Phytophthora nicotianae is a fungus-like organism in the Kingdom Straminipila (sometimes written as Stramenopila), phylum Oomycota, class Oomycetes. All stages of the organism are diploid; whereas, most true fungi are haploid. The organism can grow vegetatively at temperatures between 5°C and 37°C, with optimal growth occurring between 26°C and 32°C. Extended exposure to temperatures above 40°C is lethal to the organism.
Hyphae are hyaline (colorless, transparent), aseptate or coenocytic, and typically irregular in width (3-11µm) with few to numerous hyphal swellings (Figure 22). With age, hyphae acquire pseudosepta and colonies become light yellow. There is considerable morphological variation in colony type among isolates of P. nicotianae (Figure 23). The growth habit or colony morphology of an individual isolate may vary when grown on different culture media (Figure 24).
Sporangia are ovoid, pear-shaped, or spherical, and have very conspicuous papillae (Figure 25). Sizes of sporangia vary (18-70 x 14-39 µm) with isolate and the growth medium. Germination is either direct by production of hyphae or indirect by the production of five to 30 zoospores (Figure 26).
The zoospore is typically kidney-shaped, with a ventral groove from which two flagella emerge (Figure 27a). The posterior flagellum is whip-like and the anterior flagellum, a tinsel type, is shorter with hairs along its length. After settling down on a plat surface, zoospores encyst (produce a cell wall), and a single germ tube emerges from the spore (Figure 27b,c).
Chlamydospores are asexual, thick-walled spores produced at the tips (terminal) or in the middle (intercalary) of hyphae, and range from 13 to 60 µm in diameter, with walls approximately 1.5 µm thick (Figure 28). Chlamydospores serve as the primary survival propagule and as the primary inoculum that initiates epidemics. Survival for 4 to 6 years in soil has been reported.
Phytophthora nicotianae is heterothallic, requiring two mating types (A1 and A2) for the production of oospores. Some single-strain cultures may develop oospores with age. Oospores are thick-walled, between 13 and 35 µm in diameter, almost filling the spherical oogonium cavity (between 15 and 64 µm in diameter). The antheridium is amphigynous (the oogonium grows through the antheridium at mating), spherical and remains permanently attached to the oogonium (Figure 29). It functions to contribute a nucleus during fertilization of the oogonium. Since many fields contain only one mating type and the oospores rarely germinate in culture, they are not thought to serve as a primary survival propagule or initiate infections that lead to epidemic development.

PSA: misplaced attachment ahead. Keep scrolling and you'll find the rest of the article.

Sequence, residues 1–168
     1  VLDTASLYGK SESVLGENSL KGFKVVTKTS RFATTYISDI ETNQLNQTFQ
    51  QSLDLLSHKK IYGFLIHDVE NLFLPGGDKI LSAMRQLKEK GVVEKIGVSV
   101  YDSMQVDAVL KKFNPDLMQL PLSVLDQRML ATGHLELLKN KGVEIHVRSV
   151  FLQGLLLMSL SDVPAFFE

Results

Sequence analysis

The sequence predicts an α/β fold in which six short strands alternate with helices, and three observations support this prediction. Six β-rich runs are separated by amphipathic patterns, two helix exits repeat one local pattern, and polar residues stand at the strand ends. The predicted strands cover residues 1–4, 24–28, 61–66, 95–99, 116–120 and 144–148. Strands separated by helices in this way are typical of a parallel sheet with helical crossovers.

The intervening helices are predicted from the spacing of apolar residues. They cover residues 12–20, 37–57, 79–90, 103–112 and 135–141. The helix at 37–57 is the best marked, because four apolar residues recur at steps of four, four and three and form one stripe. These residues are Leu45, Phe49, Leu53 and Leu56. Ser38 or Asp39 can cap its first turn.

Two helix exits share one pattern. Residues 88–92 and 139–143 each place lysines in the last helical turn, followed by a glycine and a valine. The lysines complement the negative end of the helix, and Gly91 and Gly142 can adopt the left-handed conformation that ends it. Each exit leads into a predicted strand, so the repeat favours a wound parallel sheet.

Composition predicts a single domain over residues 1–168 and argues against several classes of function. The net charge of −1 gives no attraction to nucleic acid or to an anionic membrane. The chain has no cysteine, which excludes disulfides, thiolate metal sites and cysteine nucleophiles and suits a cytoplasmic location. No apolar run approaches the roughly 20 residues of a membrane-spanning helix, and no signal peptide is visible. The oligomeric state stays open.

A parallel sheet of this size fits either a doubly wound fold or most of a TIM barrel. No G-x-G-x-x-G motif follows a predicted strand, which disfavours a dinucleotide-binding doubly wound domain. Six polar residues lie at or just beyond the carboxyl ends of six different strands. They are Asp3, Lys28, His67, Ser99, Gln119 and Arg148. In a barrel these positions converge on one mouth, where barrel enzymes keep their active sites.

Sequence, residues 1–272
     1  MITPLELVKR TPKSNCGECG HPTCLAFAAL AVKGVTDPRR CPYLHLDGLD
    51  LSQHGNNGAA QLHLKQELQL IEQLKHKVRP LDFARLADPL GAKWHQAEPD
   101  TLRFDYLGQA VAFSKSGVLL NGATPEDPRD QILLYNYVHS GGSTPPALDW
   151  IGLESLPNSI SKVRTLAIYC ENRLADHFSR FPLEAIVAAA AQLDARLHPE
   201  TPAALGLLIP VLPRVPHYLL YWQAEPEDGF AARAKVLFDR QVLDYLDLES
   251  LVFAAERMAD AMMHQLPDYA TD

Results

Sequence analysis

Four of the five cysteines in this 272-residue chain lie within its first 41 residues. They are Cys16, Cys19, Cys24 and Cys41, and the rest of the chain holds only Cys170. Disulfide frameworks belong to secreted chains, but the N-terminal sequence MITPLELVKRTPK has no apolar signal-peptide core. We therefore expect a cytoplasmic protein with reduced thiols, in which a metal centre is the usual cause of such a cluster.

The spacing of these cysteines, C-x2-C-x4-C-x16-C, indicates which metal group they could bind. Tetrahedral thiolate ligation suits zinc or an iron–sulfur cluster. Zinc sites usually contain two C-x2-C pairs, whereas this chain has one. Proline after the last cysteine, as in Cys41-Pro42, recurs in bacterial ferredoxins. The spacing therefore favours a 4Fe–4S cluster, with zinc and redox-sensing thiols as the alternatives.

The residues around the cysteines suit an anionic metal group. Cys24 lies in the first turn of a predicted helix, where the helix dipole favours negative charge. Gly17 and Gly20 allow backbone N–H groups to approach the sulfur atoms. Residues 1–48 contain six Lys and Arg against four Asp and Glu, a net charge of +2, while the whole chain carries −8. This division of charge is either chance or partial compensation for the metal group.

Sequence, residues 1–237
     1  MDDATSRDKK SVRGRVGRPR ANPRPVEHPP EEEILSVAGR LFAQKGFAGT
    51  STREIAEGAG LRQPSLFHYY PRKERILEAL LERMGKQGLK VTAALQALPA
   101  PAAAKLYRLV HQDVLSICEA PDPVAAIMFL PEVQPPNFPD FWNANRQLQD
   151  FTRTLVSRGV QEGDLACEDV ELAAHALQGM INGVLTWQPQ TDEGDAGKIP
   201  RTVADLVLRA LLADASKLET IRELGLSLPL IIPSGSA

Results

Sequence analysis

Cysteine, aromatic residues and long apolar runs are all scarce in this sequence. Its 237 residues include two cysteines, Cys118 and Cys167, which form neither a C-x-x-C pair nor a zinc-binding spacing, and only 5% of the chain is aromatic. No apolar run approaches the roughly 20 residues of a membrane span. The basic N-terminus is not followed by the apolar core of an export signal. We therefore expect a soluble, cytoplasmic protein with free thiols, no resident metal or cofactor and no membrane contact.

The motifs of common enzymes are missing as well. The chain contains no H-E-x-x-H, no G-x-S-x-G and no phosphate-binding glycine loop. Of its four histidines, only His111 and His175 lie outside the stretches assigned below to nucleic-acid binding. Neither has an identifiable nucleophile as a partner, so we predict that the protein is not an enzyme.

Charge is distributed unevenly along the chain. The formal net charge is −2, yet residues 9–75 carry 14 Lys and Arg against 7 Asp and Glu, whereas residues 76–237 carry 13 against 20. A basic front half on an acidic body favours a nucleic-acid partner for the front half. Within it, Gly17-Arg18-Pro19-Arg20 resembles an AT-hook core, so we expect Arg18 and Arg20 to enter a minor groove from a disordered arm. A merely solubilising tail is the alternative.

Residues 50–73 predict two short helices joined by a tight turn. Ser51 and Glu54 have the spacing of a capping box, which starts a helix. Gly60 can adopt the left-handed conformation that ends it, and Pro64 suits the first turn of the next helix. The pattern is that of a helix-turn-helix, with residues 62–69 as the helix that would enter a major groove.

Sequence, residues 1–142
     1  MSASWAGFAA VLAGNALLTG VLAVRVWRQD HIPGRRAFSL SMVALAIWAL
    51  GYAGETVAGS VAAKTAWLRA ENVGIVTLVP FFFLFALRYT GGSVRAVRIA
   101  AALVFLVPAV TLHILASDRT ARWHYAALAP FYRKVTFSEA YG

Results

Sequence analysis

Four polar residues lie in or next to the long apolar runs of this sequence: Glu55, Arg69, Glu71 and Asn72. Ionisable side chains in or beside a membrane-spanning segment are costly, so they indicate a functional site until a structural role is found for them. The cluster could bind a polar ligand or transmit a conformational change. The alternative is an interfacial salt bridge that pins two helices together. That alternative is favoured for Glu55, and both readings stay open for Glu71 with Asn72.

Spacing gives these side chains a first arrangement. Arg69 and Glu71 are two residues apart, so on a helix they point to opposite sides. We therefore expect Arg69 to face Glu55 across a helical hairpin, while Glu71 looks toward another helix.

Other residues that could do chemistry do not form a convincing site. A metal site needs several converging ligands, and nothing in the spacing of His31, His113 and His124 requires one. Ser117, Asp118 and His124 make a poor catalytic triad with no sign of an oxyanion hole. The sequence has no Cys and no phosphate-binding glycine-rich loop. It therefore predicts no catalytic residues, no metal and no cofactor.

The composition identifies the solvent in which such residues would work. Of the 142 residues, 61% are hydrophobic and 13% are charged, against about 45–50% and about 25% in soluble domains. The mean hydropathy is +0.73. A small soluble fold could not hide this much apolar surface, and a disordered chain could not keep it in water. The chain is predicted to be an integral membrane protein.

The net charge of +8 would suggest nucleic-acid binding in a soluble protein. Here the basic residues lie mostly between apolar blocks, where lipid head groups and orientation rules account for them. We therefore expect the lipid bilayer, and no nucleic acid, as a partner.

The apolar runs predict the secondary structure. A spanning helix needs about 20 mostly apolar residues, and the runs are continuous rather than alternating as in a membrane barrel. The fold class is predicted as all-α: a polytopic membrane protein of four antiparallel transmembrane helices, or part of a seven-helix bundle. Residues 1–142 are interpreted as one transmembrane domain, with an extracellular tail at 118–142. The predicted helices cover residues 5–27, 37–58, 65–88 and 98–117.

Currently, the most frequently used name for the black shank pathogen is Phytophthora nicotianae. Phytophthora parasitica var. nicotianae and Phytophthora nicotianae var. nicotianae have also been used, but their use is declining. See the Appendix below and Erwin and Ribeiro (1996) for a more detailed description of the taxonomy of this organism.
The species P. nicotianae (synonym P. parasitica) has a very wide host range. However, there is much evidence of host specialization within isolates obtained from various hosts. Isolates from tobacco are generally considered to be important pathogens only on tobacco. Isolates of P. nicotianae from other hosts also have shown some level of host specialization as well. However, current understanding of the level of specialization in the species has not resulted in development of forma specialis, which is a sub-specific level of taxonomy based on host specialization used with some other plant pathogens. See Erwin and Ribeiro (1996) for a comprehensive list of hosts for this species.
Other Phytophthora spp.
In addition to P. nicotianae, other species of Phytophthora also can cause root rot of tobacco. Although black shank has not been reported from Brazil, the primary causal agent of the yellow stunt disease has been identified as P. glovera, a previously unreported Phytophthora spp. Other unidentified species of Phytophthora spp. have been isolated from diseased tobacco from Kentucky and North Carolina, but their contribution to disease losses has not yet been determined.
J. van Breda de Haan first described the pathogen as Phytophthora nicotianae in 1896 from Indonesia, but failed to submit a Latin description of the species. Additionally, his original drawings of the organism were inaccurate due to the presence of a contaminant, probably a Pythium species. Dastur also described the species from India in 1913, but gave it the name P. parasitica. In 1928, Ashby proposed that the name of all strains of this pathogen from tobacco be merged under the properly described name P. parasitica. Tucker in 1931 chose the name P. parasitica var. nicotianae to designate isolates based on pathogenicity, but pathogenicity should not have been used as a basis for variety because variety status is based on differences in morphology. Since isolates from tobacco display host specific pathogenicity, the use of forma specialis (f. sp.) would have been more appropriate, but again, studies have not been conducted to confirm the validity of this subspecific classification for tobacco isolates compared to isolates from other hosts. In fact, some isolates from tobacco will infect other plants.